Here is a complete lesson with 18 activities and some exam questions at the end to see if you have understood.
Here is the solution.
The solution to the “How many triangles?” puzzle.
The Sheaf Valley Maths Trail is a short walk starting outside Sheffield City College on Granville Road, along the footpath to Sheffield Station and the steel blade sculpture, behind the station to the steel steps and the amphitheatre, up the hill to the Cholera Monument and then back to college via Clay Wood. Along the way you will answer questions on many different aspects of mathematics. It is suitable for school groups, college students studying Functional Skills, home schoolers and their parents or anyone who would like to have a go!
Download the student booklet here. It is best printed as a booklet.
Topics touched on on the trail include
Reading a timetable
Calculating journey cost
Speed Distance Time calculations
Shape and Space
Estimating length and weight
Symmetry (Line and Rotational)
3 dimensional shape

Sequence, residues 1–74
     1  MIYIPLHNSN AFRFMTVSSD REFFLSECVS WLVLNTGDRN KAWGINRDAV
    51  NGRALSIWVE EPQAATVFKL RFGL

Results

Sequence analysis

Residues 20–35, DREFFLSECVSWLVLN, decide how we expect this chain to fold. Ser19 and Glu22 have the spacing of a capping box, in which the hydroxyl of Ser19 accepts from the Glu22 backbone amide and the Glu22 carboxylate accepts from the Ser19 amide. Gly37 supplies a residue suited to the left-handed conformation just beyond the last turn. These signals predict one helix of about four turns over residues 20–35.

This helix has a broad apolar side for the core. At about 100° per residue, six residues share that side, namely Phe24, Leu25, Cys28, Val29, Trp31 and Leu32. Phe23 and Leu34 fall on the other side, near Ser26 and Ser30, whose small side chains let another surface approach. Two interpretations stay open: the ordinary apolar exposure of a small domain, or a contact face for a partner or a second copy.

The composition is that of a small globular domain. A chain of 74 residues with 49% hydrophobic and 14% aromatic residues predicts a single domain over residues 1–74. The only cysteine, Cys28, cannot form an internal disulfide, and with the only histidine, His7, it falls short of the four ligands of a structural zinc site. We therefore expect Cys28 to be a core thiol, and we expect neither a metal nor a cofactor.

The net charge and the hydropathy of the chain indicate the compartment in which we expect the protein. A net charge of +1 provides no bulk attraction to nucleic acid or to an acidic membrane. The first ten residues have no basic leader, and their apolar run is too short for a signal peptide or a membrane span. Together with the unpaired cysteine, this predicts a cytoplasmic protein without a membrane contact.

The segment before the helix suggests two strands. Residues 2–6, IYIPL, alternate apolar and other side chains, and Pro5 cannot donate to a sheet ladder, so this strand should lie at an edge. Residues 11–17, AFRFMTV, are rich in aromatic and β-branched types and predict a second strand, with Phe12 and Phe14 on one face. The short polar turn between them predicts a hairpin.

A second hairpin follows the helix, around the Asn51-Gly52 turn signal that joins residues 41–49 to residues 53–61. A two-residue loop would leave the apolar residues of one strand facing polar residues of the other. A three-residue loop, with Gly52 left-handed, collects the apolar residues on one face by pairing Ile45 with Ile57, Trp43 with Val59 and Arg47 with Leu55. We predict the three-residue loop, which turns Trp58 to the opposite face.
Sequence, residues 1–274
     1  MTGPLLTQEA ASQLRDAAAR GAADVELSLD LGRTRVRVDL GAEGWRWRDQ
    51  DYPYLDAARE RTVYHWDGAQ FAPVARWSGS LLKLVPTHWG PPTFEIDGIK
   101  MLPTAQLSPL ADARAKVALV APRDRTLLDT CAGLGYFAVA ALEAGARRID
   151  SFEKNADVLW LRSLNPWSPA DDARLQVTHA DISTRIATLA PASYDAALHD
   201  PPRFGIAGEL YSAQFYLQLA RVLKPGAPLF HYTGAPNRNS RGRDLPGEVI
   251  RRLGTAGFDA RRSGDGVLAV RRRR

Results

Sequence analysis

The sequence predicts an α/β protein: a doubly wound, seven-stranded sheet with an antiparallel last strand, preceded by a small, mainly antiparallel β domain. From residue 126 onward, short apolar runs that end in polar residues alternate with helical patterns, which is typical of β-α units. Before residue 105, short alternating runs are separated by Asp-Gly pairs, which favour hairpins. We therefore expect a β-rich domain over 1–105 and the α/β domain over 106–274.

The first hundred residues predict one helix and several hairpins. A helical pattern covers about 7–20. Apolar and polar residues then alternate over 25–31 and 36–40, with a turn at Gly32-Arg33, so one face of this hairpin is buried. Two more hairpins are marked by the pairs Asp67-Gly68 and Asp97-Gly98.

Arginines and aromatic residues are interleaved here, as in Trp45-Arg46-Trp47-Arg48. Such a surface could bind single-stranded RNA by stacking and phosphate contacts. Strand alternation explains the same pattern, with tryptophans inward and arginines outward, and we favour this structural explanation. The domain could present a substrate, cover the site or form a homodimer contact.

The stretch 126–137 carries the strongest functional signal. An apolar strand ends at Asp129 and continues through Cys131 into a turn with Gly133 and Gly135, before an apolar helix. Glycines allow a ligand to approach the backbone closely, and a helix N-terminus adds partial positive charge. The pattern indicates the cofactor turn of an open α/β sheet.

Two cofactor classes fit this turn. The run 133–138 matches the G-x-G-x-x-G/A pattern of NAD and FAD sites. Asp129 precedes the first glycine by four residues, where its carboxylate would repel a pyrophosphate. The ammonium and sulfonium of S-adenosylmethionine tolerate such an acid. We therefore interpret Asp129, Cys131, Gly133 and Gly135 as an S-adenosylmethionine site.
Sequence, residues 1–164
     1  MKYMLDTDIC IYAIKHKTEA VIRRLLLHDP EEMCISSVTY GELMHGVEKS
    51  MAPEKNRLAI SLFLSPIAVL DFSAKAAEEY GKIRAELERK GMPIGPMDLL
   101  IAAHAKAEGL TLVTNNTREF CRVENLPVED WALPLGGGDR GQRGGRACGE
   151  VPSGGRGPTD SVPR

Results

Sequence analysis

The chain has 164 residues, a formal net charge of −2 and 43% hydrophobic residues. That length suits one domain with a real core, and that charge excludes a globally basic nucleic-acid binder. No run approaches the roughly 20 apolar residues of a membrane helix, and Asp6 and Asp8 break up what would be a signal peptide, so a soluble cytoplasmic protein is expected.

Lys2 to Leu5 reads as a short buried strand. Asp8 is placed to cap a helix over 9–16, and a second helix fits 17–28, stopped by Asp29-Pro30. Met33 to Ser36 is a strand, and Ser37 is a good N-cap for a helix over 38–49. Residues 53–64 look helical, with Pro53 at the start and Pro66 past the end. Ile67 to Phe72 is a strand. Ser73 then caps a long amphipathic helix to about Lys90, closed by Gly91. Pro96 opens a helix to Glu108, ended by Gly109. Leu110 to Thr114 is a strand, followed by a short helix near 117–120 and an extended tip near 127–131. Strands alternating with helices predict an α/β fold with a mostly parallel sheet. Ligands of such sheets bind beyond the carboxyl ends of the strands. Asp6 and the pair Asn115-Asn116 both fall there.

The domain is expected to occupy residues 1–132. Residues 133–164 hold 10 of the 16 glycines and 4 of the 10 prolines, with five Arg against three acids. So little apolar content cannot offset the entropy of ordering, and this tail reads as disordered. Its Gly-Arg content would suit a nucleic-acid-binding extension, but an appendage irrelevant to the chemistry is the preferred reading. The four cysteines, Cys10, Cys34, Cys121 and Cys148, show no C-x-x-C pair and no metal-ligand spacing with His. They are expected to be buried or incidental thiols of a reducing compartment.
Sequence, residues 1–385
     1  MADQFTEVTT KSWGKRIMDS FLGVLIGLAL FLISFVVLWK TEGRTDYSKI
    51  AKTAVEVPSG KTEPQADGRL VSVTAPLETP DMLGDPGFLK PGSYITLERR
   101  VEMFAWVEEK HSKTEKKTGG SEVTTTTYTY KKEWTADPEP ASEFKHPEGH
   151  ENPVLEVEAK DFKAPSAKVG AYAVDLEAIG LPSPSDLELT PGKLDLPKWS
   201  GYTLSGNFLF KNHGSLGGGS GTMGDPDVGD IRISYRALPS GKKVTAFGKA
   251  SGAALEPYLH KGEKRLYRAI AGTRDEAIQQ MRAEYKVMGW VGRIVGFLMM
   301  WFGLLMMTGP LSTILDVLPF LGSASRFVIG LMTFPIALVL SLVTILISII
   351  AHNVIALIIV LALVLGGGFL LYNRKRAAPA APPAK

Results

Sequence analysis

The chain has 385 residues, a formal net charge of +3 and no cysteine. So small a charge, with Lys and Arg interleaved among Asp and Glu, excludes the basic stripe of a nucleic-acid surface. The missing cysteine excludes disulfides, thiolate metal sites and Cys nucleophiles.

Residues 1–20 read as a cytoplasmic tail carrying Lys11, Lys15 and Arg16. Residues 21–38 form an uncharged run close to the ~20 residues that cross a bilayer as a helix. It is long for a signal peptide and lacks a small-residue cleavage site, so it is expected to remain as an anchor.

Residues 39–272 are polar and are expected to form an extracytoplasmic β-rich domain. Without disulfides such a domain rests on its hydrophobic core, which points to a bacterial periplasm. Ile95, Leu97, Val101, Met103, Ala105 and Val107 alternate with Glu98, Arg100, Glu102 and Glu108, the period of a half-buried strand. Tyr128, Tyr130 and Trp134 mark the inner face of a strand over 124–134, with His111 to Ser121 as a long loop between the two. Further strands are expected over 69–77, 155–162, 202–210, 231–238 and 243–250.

Volume of a cuboid
Area of irregular shapes
Feel free to adapt the trail by missing out some questions and adding others to make it suitable for your students/pupils.
Split your group into teams of 3 or 4 people. Make sure less able students are paired with more able students. Each team will need a DIY tape measure, a large ball of string, a large protractor, a pencil and a calculator. You need to work out the logistics of ensuring there is someone to help at the various stopping points.
Tell your students to stay together, look after each other and take extra care when crossing roads. If this is a school/college outing you will need to fill in a risk assessment.
This is one in a large series of short videos from NCETM showing how people use maths at work. See the others here.
Be systematic! What sort of numbers are important to help you solve this problem?
How many triangles are in this shape? (A Transum starter)
When you are absolutely sure you have counted them all, click here and press the yellow button to see if you are right.
Download, print and cut out the triangles. Work with a friend to try and match all the questions with the correct answer. Ideal for Esol students learning to count in English.
The Tower of Hanoi is one of the most famous mathematical puzzles. See if you can work out how to do it with 3, 4, 5, 6 and 7 discs. Then see if you can do it using the minimum number of moves.
Here’s a quick vocabulary exercise for Entry Level 2 students.
Lots of my ESOL students still get confused with some numbers. Seventy becomes 17 rather than 70 and sixteen is sometimes written as 60 rather than 16. Try this matching quiz to see if you can get them right.